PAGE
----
Roots of a polynomial

Hi, I have been trying to solve the problem Roots of the polynomial 038 from mipt.ru (el judge). I have failed to do so. I tried to search on
the net but found about contour integrals for routh-hurwitz criterion. So it is difficult to code.
Can you please tell me how to solve the problem for degree 20 ? and how to approach the problem for degree 4.
Please do tell me the pseudo code and references.
Thanks, Terry temper snipped-for-privacy@yahoo.com
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First of all, I don't have any idea what you're talking about. Give a proper URL if you want an answer.
Second, you have posted THE SAME TEXT in two different posts, once to sci.math and once to comp.dsp, sci.eng.control, and sci.math.num-analysis. The one to three newsgroups is in approved form, and doesn't increase bandwith. The one to sci.math DID increase bandwidth.
I can guess what you mean from context, and it's not difficult to code. All you have to do is estimate the derivative of f'(z)/f(z) on a contour (all you need is an upper bound on the absolute value, so you have a Lipschitz constant on the contour), then take a fine enough grid on the parameterization of the contour so as to be able to recognize the discretization of the integral as being close enough to an integral multiple of 2 pi i. This yields the degree of the mapping, which is the count of roots. Perfectly routine.
--Ron Bruck
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snipped-for-privacy@gmail.com wrote:

The book "Numerical Recipes in C" has a polynomial root finder.
--

Tim Wescott
Wescott Design Services
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"Tim Wescott" schrieb

I keep finding on the web references that are saying that this book is less than optimal. What's the opinion here? Any other good books about numerical methods that can be recommended?
Regards Martin
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Martin Blume wrote:

If you mean by "less than optimal" that a clever programmer can write a more efficient algorithm, that is often true. It is rarely true that the routines don't perform as claimed. Avoiding NR because the code could perhaps be improved is like choosing to walk because the bicycle you've been offered is less than best.
Jerry
--
Engineering is the art of making what you want from things you can get.

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Jerry> Martin Blume wrote: >> "Tim Wescott" schrieb >> >>> The book "Numerical Recipes in C" has a polynomial root finder. >>> >> I keep finding on the web references that are saying >> that this book is less than optimal. What's the opinion here? Any >> other good books about numerical methods that can be recommended?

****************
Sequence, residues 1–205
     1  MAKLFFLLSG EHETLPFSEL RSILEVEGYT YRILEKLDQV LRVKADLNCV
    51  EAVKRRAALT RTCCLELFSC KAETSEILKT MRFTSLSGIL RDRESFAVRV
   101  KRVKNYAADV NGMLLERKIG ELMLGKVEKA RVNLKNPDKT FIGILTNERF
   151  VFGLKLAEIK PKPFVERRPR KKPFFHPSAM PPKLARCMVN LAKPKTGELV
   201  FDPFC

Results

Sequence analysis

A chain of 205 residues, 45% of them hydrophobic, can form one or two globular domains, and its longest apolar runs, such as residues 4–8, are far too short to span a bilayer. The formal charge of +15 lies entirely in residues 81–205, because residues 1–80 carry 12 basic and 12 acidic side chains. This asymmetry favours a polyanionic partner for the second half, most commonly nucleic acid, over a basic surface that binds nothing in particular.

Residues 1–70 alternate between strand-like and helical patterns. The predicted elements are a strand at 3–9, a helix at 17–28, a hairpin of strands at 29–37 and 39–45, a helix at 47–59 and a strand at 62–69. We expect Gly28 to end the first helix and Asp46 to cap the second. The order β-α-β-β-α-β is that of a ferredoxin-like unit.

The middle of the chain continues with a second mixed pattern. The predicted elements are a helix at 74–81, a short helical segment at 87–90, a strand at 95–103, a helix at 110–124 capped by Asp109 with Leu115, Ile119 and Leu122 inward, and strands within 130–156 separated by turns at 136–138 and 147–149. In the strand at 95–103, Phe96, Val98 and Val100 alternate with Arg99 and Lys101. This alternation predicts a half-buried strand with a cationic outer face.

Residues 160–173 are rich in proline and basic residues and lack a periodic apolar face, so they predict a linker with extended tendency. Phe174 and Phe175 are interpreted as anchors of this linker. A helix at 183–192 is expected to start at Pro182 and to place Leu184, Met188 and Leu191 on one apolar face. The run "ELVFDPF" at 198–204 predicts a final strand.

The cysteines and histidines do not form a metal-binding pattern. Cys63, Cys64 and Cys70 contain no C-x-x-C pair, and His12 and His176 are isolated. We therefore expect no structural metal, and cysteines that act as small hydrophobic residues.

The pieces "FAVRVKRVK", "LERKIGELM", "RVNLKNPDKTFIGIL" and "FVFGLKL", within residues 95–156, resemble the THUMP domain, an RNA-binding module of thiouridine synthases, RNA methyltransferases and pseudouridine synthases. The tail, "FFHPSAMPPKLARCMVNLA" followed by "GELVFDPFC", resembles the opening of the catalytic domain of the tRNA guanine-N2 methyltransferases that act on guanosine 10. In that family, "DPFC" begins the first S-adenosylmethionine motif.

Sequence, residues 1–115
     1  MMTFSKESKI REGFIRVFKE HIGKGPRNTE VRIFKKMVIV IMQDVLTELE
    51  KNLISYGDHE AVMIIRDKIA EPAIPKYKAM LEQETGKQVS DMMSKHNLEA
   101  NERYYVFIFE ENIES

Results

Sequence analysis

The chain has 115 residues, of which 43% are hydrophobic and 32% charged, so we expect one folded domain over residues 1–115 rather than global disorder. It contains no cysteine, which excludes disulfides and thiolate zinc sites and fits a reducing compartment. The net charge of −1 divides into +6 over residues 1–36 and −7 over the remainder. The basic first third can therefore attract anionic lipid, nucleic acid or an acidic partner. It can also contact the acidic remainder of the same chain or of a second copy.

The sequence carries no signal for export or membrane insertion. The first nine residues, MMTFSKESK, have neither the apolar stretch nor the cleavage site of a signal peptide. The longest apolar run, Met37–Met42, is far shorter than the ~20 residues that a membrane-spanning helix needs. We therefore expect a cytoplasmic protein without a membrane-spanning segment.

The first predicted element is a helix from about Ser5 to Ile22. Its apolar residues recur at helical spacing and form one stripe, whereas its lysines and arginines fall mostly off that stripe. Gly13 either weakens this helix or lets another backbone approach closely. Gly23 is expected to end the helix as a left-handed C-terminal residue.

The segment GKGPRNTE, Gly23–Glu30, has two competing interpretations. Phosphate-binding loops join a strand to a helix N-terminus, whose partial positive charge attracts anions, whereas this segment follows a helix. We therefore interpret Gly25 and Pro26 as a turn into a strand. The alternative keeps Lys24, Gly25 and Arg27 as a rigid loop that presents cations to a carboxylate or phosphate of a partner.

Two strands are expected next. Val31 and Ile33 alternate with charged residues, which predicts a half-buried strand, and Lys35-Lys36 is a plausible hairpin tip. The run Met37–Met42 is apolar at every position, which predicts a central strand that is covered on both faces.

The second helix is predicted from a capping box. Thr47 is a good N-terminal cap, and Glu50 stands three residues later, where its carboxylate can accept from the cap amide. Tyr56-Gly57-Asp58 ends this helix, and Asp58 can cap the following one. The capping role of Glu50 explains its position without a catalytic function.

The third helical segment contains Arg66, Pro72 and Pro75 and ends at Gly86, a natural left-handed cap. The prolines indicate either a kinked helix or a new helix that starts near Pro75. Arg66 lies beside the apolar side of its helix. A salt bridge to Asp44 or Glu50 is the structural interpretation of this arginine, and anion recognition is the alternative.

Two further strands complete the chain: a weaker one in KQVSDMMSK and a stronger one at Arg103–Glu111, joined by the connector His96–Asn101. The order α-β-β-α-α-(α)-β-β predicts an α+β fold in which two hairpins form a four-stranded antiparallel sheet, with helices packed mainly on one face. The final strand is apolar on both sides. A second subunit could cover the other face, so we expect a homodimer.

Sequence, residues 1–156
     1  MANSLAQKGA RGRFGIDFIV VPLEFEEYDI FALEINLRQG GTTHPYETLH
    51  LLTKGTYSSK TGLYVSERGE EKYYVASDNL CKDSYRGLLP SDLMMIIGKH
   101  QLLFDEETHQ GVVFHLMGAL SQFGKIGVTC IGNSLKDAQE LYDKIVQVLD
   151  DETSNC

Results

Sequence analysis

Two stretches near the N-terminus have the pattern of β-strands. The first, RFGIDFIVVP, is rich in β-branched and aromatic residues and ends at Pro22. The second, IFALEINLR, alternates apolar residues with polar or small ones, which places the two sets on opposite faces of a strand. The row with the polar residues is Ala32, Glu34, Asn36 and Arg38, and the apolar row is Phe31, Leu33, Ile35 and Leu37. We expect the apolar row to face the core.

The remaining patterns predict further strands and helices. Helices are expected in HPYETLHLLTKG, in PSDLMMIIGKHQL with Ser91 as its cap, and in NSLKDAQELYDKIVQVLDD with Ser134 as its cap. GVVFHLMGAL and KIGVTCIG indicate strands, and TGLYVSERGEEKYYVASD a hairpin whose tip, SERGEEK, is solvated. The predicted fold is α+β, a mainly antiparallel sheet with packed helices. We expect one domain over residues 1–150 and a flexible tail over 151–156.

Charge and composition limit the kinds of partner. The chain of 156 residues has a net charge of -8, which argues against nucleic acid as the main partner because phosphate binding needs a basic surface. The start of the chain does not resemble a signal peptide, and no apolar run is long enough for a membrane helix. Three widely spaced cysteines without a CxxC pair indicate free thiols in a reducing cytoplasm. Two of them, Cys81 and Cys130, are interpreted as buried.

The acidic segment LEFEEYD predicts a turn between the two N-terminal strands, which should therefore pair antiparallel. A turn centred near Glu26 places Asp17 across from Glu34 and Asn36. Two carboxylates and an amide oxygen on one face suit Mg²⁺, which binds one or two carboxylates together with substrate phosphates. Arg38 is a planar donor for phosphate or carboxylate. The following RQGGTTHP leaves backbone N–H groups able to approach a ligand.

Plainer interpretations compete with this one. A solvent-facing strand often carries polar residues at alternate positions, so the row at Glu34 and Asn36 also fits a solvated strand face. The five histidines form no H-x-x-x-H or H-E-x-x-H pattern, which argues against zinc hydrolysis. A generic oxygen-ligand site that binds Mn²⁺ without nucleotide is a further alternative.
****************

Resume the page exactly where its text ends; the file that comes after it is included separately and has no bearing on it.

Jerry> If you mean by "less than optimal" that a clever programmer can write Jerry> a more efficient algorithm, that is often true. It is rarely true that Jerry> the routines don't perform as claimed. Avoiding NR because the code Jerry> could perhaps be improved is like choosing to walk because the bicycle Jerry> you've been offered is less than best.
In this particular case, I think they usually mean the NR code is not serious numerical code. It might work for simple cases, but it may be very wrong for other cases. It may not even be all that accurate even for the simple cases.
Ray
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Raymond Toy wrote:

In a nutshell, it is often not optimized for correctness. ;-)
--
Jim Thomas Principal Applications Engineer Bittware, Inc
snipped-for-privacy@bittware.com http://www.bittware.com (603) 226-0404 x536
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Jerry Avins wrote:

Some of the algorithms have a few serious faults too. And the odd typo and quirky indexing from translation out of the original FORTRAN.
But you get what you deserve if you don't cross check that the answer you get from a computer code is correct.
The references given in the book are still OK, and much of their code only fails on difficult problems. If doesn't work for you then chase up a more advanced text. It is still a pretty good general intro for all its faults. There are much better standard libraries about.
Regards, Martin Brown
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Martin Brown wrote:

The DSP group at Rice University have published Matlab code for solving high order polynomials. I believe last year they published a paper in the IEEE Signal Processing Magazine.
Solving polynomials is a difficult problem due to the numerical sensitivity. Once you find some of the roots you have to deflate the order of the polynomial. It's a similar problem to finding Eigenvalues. So if you want the work you should probably be looking at the BLAS or LINPACK libraries.
Cheers, David
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David Kirkland wrote:

http://www.dsp.rice.edu/software/fvhdp.shtml
Bob
--

"Things should be described as simply as possible, but no
simpler."
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Bob Cain wrote:

Thanks Bob :)
As I recall the website also has their publications.
Cheers, David
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snipped-for-privacy@gmail.com wrote:

Jenkins & Traub's "rpoly" code, celebrating its 30th anniversary, is your best choice. You will find it at,
    http://netlib.org/toms/493
--
bv
------------------------------------------------------
Applied Algorithms http://sdynamix.com
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